Tongkoua Nkamou, Anne Patricia; Centre for Biotechnology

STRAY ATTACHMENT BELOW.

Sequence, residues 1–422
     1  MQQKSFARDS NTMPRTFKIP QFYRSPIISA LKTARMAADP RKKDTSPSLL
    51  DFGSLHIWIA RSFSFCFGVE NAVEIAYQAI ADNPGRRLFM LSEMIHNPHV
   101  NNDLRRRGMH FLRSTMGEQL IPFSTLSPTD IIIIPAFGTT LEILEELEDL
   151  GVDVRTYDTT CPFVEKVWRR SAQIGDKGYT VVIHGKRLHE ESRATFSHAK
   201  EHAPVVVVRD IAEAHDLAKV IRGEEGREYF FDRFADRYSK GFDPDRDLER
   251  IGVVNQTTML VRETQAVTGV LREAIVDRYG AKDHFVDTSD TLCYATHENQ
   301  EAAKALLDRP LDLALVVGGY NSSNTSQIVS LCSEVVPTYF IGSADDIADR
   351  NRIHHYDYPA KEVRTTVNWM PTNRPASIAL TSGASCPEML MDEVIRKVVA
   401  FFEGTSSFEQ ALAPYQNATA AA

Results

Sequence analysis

Drug delivery systems (DDS) have become an important focus research over the past three decades with the emergence of new therapies based on biomolecules such as peptides, DNA, enzymes etc., with the aim of improving or optimising the potency of these biomolecules. Liposomes are colloidal vesicles derived from amphiphilic phospholipid biomolecules and have the capacity to encapsulate a broad spectrum of molecules. The promise of liposomes in regard to drug delivery relates to an increase in the bioavailability of drugs, a decrease in drug toxicity, an increase in the efficacy of the drug, and targeted delivery to areas of pathology. Different liposomes varying in their phospholipid composition present different characteristics in terms of entrapment capacity of drugs, stability of liposomes and drug release profile. Optimizing any of these characteristics will hence improve the efficiency of liposomes as DDS. This study reveals the potential for siloxane-containing phospholipids to display a higher entrapment capacity than conventional liposomes related to 1-palmitoyl-2-oleoyl-sn-glycero-3-phospcocholine (POPC) and controlled released when using the model compound, calcein. With the siloxane-phospholipids being studied, zero-order release was observed and in some instances appeared to be independent of the pH of the release media.